The architectural firm hired by the Kingston City School District to identify facilities needs in district schools recently reshuffled the list in an effort to break up the project into smaller chunks, based on urgency.
The request to isolate the most pressing maintenance needs came from the school board’s Master Plan Facilities Committee, chaired by Trustee Chris Farrell. According to Farrell, it was thought that the estimated $130 million it would cost to address infrastructure needs at Kingston’s 11 elementary schools and pair of middle schools would be more than the community might be willing to bear, especially with a $92 million high school renovation project also in the works.
“It wasn’t really reprioritizing, but was kind of helping us compartmentalize it so we can address it in smaller chunks rather than saying we need $130 million at once,” Farrell said. “We want to reprioritize it to make it a little more absorbable by the community.”
White Plains-based KSQ Architects, the company who helped the district craft its recent mostly state-funded EXCEL project, identified a wide range of needs, including replacing and repairing roofs and boilers, upgrading plumbing and electrical systems, repairing parking lots and making some buildings more handicapped-accessible.
Initially, the most pressing concerns identified by KSQ totaled around $58.78 million in needs, but that number was scaled back by roughly $14 million because the architectural firm felt that some of the issues could be handled within the district’s own budget and through other means, rather than be paid for via a bond.
School board President James Shaughnessy said it was necessary to build a comprehensive wish-list not just because of the needs of the district’s infrastructure, but also because the New York State Education Department (SED) wants to see it spelled out that way in a five-year plan.
“That’s the planning stand that SED has,” Shaughnessy said. “They don’t look for anything to be done in 10 years; the furthest they look out is five years. I don’t think SED expects that all of that work is going to be done in five years, but you need to identify it because if you want to go out and seek funding for something like that it has to be identified in the five-year plan or else SED won’t approve it.”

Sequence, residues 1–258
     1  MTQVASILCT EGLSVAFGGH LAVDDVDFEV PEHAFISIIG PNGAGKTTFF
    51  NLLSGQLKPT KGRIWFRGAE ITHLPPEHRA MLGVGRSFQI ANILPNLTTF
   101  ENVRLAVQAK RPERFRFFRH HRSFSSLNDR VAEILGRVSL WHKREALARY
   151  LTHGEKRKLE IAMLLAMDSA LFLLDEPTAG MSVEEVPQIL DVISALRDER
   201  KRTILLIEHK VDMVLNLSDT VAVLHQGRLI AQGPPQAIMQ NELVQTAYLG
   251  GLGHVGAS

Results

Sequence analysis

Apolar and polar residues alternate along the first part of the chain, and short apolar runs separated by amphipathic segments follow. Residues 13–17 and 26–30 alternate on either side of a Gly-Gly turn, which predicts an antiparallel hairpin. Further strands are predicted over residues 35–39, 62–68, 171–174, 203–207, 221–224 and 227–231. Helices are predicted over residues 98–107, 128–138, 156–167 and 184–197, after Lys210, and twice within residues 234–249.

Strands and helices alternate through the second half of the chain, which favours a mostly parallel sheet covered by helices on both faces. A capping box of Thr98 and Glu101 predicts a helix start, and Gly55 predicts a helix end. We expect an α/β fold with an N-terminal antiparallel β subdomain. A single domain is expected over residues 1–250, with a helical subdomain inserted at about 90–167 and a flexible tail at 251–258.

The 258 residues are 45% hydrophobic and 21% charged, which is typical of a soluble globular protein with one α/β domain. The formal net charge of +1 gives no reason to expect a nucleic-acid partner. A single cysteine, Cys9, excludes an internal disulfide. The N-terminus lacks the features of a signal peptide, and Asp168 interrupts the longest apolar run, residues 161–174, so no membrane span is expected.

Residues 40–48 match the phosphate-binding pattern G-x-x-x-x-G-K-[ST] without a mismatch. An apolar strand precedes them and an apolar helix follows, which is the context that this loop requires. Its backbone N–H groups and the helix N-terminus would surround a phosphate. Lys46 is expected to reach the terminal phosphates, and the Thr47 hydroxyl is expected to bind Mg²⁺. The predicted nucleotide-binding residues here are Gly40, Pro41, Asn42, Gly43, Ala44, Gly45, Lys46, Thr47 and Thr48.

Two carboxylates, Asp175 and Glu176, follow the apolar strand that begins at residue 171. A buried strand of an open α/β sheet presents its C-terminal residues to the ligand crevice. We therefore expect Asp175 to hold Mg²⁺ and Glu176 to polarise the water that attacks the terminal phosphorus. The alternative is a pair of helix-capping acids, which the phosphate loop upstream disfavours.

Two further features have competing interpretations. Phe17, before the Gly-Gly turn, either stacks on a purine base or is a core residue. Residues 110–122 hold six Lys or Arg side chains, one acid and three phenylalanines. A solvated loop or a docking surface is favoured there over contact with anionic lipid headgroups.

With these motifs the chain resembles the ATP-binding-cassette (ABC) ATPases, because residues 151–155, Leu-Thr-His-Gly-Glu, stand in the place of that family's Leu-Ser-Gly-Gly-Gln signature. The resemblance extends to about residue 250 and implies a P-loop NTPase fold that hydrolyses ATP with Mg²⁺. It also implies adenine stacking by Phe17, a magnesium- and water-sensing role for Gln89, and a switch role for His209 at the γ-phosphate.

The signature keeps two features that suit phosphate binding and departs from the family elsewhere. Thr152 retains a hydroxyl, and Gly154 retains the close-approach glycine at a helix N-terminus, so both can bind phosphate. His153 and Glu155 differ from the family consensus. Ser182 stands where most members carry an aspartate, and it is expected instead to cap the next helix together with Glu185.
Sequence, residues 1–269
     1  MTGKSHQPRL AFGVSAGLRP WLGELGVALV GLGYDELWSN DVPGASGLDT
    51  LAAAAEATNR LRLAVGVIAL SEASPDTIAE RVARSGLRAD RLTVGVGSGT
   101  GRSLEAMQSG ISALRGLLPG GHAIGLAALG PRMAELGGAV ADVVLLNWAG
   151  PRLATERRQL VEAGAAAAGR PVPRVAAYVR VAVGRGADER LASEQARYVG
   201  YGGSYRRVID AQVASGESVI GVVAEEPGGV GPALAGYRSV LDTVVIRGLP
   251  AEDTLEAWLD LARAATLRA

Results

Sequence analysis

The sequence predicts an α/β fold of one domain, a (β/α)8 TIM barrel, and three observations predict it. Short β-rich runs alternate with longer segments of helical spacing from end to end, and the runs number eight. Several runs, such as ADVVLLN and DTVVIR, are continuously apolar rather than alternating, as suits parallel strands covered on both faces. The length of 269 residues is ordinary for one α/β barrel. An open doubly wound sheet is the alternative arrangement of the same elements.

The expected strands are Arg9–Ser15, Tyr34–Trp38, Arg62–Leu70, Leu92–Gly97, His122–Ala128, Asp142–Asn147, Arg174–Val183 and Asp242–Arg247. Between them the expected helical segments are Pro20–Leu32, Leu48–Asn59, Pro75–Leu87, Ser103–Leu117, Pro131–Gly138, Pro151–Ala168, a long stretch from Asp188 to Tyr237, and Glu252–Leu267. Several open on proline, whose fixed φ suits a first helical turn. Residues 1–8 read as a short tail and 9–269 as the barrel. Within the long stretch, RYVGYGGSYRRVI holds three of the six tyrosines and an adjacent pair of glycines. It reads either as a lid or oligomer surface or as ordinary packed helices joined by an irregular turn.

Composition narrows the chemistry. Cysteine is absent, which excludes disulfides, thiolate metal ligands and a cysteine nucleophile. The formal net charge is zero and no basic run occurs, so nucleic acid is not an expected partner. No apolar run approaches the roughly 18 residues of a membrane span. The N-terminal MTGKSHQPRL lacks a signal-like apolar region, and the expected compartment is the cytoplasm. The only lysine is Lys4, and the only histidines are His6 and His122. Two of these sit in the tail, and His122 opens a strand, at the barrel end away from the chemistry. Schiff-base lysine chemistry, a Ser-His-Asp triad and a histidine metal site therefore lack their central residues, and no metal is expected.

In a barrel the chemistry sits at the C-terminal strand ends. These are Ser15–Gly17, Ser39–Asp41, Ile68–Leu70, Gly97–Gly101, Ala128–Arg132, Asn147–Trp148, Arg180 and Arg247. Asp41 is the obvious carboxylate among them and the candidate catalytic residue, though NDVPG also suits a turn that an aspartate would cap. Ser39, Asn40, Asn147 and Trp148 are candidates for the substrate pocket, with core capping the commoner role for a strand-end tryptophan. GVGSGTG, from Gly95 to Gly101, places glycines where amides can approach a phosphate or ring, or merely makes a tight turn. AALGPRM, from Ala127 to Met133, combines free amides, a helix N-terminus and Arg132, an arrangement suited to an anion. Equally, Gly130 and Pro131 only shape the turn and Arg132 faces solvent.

Farrell said the hope is that in addition to addressing the needs of the district today, a facilities improvement plan would also set up a timetable for the future.
“The challenge is going to be, once we’ve begun, is to have future boards be able to address these maintenance tasks,” Farrell said. “If we built a roof in 2010, that roof in 2030 is going to need to be considered for a new roof.”
But with the economy both locally and beyond still slow to recover, does the district worry that public approval of projects with such high price tags might be difficult to attain? Shaughnessy said the economy might actually make this more viable today than when times are better.
“One can make a pretty convincing argument that now is a good time to do it because interest rates are very low and there’s a lot of capacity within the construction industry to do this kind of work, so one could expect very favorable prices for getting work done,” he said. “And it needs to be done; it’s not work that can be deferred indefinitely.”
“Basically we’re trying to address maintenance and repair projects in the district through a bonding project, and the idea of actually putting money in the current budget is just not going to address everything,” he said. “It would be 100 years before we get it all done, and the reality is that some of these things have been ignored for years and years and years.”
Farrell said the next step in the process is to have the facilities committee and a building inspection committee also attached to the school board go through each of the elementary and middle schools in the district to see firsthand the issues identified by KSQ.
“We’re hoping to bring someone from KHS-TV along as well to film what the problems are and then put it out on KHS-TV,” Farrell said. “We know the public is not going to be able to get out to each of these schools to see what needs to be done, so hopefully by showing them that people will see that we need to find a solution.”